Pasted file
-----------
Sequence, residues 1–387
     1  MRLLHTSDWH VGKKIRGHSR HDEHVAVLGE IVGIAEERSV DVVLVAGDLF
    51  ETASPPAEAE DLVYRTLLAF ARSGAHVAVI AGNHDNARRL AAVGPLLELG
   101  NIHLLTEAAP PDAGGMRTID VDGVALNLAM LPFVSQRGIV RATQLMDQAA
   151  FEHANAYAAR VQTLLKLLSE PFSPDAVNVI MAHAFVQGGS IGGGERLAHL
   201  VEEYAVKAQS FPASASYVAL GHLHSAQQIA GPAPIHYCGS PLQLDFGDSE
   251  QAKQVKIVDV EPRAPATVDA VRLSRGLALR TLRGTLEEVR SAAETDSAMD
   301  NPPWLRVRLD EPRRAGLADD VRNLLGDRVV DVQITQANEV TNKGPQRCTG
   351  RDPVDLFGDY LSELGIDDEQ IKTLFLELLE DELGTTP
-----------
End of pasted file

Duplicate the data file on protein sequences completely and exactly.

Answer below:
Sequence, residues 1–387
     1  MRLLHTSDWH VGKKIRGHSR HDEHVAVLGE IVGIAEERSV DVVLVAGDLF
    51  ETASPPAEAE DLVYRTLLAF ARSGAHVAVI AGNHDNARRL AAVGPLLELG
   101  NIHLLTEAAP PDAGGMRTID VDGVALNLAM LPFVSQRGIV RATQLMDQAA
   151  FEHANAYAAR VQTLLKLLSE PFSPDAVNVI MAHAFVQGGS IGGGERLAHL
   201  VEEYAVKAQS FPASASYVAL GHLHSAQQIA GPAPIHYCGS PLQLDFGDSE
   251  QAKQVKIVDV EPRAPATVDA VRLSRGLALR TLRGTLEEVR SAAETDSAMD
   301  NPPWLRVRLD EPRRAGLADD VRNLLGDRVV DVQITQANEV TNKGPQRCTG
   351  RDPVDLFGDY LSELGIDDEQ IKTLFLELLE DELGTTP